HTML files - the right way.
According to Wikipedia, normalization refers to a process that makes something more normal or regular.
We apply this concept to HTML themes to ease the next step in our tooling process: component extraction. For us, normalization means that all page assets (images, CSS files, js files) are loaded/copied into standard directories.
Allow me please, to provide a real-life example:
Imagine that you've bought a nice HTML theme from ThemeForest or ColorLib. So .. that's cool. Now you need to use it in your next project. The original index.html use CSS files, js, and images from random directories, as below:
<link href="css/style.css" rel="stylesheet">
<link href="responsive.css" rel="stylesheet">
<img src="assets/img1.jpg" alt="Some image">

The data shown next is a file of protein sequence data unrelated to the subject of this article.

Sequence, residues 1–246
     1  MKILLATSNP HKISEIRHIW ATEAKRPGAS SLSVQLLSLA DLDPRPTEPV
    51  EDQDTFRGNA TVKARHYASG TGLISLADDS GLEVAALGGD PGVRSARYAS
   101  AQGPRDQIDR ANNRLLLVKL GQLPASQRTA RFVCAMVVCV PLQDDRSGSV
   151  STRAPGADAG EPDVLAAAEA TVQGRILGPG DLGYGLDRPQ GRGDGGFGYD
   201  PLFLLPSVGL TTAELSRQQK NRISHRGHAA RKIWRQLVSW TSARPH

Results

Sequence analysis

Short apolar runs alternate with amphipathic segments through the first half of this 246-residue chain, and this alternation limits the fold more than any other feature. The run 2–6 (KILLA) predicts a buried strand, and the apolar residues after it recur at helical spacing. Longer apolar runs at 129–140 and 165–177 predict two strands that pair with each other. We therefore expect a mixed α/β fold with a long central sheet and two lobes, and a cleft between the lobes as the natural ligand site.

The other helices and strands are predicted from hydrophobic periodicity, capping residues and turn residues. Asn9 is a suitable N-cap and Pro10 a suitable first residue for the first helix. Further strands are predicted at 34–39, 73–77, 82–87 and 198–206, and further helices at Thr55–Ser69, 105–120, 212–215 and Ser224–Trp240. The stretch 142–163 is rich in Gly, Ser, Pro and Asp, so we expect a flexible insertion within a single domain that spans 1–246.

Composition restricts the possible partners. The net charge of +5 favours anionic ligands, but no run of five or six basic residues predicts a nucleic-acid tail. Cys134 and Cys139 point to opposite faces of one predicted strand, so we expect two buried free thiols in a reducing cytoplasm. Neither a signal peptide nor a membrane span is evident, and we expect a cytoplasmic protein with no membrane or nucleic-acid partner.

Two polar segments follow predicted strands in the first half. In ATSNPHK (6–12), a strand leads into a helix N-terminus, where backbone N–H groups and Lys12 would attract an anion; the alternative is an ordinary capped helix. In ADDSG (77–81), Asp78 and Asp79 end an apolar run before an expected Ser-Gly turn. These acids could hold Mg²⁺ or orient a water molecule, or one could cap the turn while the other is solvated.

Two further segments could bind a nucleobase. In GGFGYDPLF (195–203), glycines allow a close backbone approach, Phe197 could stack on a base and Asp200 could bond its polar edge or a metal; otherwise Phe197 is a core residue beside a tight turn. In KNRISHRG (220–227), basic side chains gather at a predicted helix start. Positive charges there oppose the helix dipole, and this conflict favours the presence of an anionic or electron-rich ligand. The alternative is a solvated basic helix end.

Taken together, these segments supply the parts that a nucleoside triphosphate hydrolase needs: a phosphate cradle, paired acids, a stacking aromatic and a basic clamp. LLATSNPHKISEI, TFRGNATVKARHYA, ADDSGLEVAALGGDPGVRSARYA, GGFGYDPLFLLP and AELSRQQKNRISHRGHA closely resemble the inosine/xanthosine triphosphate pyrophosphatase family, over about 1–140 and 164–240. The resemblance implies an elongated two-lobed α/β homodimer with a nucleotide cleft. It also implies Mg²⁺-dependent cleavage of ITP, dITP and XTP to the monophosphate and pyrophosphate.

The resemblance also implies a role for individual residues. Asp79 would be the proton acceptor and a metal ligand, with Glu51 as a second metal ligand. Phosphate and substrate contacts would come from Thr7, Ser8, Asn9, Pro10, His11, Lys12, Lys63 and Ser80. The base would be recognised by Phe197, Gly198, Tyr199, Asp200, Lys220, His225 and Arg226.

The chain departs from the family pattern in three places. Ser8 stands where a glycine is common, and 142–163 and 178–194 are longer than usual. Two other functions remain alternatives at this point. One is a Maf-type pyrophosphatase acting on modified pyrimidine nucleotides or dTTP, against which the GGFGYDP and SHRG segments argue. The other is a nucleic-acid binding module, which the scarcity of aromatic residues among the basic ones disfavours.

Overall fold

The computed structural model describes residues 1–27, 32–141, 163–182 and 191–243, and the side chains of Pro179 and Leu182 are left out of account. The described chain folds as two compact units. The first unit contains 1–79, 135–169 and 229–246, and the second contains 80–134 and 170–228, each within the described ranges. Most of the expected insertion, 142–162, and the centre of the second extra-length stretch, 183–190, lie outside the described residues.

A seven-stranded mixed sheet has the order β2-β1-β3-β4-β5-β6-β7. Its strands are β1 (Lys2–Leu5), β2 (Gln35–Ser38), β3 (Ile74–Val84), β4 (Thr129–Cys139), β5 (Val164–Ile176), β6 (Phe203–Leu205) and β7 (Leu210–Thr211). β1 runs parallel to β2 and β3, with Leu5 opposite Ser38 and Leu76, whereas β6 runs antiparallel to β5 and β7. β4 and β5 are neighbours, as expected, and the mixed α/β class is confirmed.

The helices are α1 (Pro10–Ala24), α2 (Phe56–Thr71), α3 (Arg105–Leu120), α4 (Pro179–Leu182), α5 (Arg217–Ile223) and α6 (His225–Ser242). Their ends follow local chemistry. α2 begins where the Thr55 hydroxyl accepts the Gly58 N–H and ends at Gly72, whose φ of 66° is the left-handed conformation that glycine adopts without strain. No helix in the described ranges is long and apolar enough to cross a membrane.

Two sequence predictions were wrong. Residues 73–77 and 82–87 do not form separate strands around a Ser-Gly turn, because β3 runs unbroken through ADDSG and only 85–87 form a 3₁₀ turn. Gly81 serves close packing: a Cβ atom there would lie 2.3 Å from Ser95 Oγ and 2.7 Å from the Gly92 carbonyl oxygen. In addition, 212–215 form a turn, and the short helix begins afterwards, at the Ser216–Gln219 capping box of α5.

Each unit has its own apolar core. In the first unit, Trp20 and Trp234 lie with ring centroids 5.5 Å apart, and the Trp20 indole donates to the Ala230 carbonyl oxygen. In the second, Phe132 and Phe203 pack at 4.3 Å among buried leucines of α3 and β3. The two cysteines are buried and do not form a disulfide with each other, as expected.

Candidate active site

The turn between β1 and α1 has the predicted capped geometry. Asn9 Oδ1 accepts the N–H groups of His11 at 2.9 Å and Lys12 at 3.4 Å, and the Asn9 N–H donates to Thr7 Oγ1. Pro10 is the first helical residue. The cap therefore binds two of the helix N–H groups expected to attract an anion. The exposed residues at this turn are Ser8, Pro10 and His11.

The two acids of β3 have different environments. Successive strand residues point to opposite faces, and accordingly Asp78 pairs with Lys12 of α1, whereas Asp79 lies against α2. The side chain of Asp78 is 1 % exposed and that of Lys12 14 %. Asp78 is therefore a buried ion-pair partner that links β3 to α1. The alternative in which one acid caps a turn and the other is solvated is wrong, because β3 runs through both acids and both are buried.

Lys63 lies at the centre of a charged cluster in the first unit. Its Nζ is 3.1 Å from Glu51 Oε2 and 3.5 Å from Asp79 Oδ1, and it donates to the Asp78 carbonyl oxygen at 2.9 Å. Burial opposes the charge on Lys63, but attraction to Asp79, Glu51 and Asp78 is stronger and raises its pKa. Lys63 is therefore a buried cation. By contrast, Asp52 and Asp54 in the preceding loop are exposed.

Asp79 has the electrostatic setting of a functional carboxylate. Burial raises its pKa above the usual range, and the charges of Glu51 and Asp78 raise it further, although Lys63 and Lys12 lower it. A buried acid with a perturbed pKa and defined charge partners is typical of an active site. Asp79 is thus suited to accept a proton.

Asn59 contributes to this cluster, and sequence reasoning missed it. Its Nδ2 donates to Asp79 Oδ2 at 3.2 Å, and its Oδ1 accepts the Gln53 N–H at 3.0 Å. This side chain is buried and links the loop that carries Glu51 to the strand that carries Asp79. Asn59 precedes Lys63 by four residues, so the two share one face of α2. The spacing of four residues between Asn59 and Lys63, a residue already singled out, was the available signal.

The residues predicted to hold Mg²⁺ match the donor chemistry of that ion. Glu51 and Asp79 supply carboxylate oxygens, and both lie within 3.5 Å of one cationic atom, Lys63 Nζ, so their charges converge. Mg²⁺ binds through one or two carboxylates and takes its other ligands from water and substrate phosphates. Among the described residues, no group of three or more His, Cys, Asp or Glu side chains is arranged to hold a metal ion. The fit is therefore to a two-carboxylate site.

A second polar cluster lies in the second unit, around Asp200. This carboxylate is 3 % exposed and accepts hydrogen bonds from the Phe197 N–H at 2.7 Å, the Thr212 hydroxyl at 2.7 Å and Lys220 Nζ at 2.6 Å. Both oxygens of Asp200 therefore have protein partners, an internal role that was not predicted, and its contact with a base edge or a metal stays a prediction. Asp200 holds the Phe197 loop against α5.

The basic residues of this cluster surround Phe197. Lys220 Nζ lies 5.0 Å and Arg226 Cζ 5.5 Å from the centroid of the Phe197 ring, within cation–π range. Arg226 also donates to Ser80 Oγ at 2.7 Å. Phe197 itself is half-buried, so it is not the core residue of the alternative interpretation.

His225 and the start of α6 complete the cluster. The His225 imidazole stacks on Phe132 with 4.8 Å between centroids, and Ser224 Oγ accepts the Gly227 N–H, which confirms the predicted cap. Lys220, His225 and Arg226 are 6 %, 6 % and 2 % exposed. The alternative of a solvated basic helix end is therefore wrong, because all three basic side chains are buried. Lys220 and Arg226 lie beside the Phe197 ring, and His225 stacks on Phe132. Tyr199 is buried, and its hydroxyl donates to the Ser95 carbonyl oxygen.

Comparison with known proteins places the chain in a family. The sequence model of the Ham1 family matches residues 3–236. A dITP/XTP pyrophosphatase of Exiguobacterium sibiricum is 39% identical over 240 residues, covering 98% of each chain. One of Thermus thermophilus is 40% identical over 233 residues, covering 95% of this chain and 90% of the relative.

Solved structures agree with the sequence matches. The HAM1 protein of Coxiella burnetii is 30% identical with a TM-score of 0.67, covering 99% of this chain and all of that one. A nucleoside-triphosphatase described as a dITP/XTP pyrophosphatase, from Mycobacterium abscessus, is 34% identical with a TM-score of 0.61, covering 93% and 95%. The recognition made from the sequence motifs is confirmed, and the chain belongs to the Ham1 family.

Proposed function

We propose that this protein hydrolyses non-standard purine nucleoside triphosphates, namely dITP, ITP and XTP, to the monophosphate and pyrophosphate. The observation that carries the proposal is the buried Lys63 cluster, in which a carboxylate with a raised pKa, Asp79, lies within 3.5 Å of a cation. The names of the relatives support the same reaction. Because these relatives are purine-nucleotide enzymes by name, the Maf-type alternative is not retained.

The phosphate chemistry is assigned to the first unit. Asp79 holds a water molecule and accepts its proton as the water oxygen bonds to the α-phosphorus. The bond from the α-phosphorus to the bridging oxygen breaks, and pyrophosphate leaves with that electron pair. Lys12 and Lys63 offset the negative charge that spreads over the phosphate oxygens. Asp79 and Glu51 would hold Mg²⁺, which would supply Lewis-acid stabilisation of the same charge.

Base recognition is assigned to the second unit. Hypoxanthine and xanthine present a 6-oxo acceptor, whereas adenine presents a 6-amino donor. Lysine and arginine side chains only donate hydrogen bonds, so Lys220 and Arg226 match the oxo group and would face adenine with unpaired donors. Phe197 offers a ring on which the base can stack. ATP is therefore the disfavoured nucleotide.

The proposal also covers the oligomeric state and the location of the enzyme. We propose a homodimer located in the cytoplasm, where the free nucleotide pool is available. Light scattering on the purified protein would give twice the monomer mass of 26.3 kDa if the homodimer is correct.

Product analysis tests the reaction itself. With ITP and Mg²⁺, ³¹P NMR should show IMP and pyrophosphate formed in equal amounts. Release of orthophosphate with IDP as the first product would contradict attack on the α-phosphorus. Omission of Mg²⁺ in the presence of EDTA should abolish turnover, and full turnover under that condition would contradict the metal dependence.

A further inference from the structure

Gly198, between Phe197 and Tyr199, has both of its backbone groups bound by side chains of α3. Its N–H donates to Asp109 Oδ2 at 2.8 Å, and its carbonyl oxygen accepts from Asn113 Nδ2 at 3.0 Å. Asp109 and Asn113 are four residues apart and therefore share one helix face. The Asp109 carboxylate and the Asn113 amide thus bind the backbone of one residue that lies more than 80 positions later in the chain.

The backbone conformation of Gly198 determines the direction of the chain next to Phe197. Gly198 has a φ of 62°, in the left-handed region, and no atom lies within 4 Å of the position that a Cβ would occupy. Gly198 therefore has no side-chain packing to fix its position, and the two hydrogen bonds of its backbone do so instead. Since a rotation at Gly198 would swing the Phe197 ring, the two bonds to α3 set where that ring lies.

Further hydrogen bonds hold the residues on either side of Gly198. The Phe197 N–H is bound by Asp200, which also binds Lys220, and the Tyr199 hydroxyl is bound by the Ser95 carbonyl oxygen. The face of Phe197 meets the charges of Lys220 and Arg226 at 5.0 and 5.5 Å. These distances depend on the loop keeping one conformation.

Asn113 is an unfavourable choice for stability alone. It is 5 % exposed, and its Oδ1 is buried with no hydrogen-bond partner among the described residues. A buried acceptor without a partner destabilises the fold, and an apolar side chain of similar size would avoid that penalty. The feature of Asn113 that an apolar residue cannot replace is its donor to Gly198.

<img src="img2.jpg" alt="Some other image">
Normalization, in this case, aim to update the HTML tree to load all assets from standard directories. Like this is much easier to process and manipulate the HTML files. A normalized HTML will load assets from standard directories:
<link href="/assets/css/style.css" rel="stylesheet">
<link href="/assets/css/responsive.css" rel="stylesheet">
<img src="/assets/img/img1.jpg" alt="Some image">
<img src="/assets/img/img1.jpg" alt="Some other image">
Normalized HTML themes advantages:
- easier to deploy and use
- easier integration in tools like Grunt, Webpack
- ease the components extraction phase (the next step in our tooling process)
Extracted components are used in two ways:
- users can build landing pages in our free builder
- components are "translated" into production-ready components for Laravel, CodeIgniter, Flask, Vue and React.
Samples (on @Github) for Laravel, Flask, Core Php and plain HTML.